Remembering a Servant of the Lord   5 comments

On December 19, 2009 at 2:07  pm, Thomas Henry Langridge left earth to be with his Saviour, Jesus Christ. His earthly body will be interred at noon 8 January 2010 in Bexhill Cemetary.

Tom was 97, born 08/09/1912 in Nutley, Ashdown Forrest in East Sussex, England. There were 8 children in the family and Tom had a twin brother Jim  who died earlier this year. Tom was the last in his immediate family to die. Both Tom and his brother Jim entered the profession of hairdressing. Jim chose barbering while Tom took on all and sundry.

Tom first married Ivy.  She seemed to be the love of his life and together they had a son, but sadly both the baby and Ivy died at the birth.

Later Tom married again, this time to Elsie May (Maisie) Rapley in July 1937. They met at Hamilton Hall a Brethren fellowship where they were both SundaySchool Teachers.

In March of 1938 Tom’s only living son, Ian was born not long before he had to leave for duty in World War II.

Tom on the left in his uniform of the Royal Engineers. He also served in the Royal Artillery installing search lights all over England. When the allies defeated Germany, Tom was sent as part of the Army of Occupation ending up in the Post Office. Tom’s haversack always contained many copies of the Pocket New Testament and he gave them out to anyone who would take one. During this time  he was approached by his Army Chaplin who had heard of Tom’s ministry to fellow soldiers as well as the people of Germany, and suggested he should apply to become a vicar in the Church of England. Maise, his wife and good woman of the Brethern Church was appalled and so Vicar Langridge did not materialise.

Above and on the right  is a formal family portrait taken about 1946 or ’47. Like many children of his generation, Ian only only knew his father from photos until he returned in 1946 from the Occupation Army where he had been stationed in Germany.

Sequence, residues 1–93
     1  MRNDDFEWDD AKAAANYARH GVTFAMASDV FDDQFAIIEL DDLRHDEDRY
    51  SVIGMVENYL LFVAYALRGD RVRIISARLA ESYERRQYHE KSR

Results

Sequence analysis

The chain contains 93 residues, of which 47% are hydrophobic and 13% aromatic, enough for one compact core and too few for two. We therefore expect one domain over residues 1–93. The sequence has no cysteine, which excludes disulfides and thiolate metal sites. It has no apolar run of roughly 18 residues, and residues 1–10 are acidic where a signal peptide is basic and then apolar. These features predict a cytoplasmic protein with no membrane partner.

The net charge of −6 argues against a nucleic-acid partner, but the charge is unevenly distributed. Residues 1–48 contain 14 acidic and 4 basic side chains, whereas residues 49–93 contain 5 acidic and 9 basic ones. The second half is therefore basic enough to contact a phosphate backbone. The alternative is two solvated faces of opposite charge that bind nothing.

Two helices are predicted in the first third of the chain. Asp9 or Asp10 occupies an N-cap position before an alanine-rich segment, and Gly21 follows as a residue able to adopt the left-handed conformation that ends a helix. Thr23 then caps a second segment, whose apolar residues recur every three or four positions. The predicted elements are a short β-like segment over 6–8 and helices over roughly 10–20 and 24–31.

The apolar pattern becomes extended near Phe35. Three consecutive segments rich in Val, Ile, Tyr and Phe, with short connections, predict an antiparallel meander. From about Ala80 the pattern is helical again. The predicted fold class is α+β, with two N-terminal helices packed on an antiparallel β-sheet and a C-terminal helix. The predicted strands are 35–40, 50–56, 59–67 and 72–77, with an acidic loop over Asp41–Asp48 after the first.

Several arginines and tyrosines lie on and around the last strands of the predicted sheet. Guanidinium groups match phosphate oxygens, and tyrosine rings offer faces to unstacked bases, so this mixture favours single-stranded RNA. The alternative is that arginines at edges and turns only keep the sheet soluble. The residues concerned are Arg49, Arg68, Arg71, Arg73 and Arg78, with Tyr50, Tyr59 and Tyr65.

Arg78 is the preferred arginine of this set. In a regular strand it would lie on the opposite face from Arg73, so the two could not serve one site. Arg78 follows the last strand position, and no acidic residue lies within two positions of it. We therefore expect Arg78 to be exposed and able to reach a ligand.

Tom has long served His beloved Lord beginning preaching at 17 going by bus to Ashburnham to the old chapel that met in a barn before they moved to the reading rooms of Ashburnham Estate.  He had a heart for youth and was key in the ministry of Young Life in Hastings in the `1950’s.

The picture on the right shows one of the mission teams Tom led to Mountfield. The accordianist is Alan Blythe former pianist at the Tab in Hastings. Tom would see as many as a 100 young people turn up for the Young Life Meetings and from those gatherings on Saturday nights when he asked for volunteers to go with him to a church the next day to take a service, he would have more eager young volunteers than he could take.  He felt it was crucial for the health of the church to see young people trained up in frontline ministry.

Though Tom was a long time member of the Brethern Church he went to any church or chapel who wanted to hear the Gospel message. It didn’t always make him popular with his Brethern fellow elders but he loved and lived by the scripture, “Here am I Lord, send me.” Something his son Ian, inherited from him.

One story recalled by Ian, was on the occassion of a celebration at St. Mary’s, Battle. Dean Naylor asked Tom to say a ‘few’ words and Tom took flight and gave a powerful Gospel message. On another occasion Canon Griffiths asked Tom to speak at St. Leonard’s Parish Church. The first time I stood in that amaizing pulpit I took great joy in remembering that ‘Dad’ had stood there years before me. When Battle Baptist had dwindled to a very few in number, Reg Borman and others asked Tom to help organize a tent mission in the market field ( now the top carpark of Battle.) A week long  tent mission saw several put their trust in Christ as Saviour and saw the beginning of the expansion of what is now a thriving chuch. During each week Reg and Tom held a Young Life meeting at the Battle Baptist.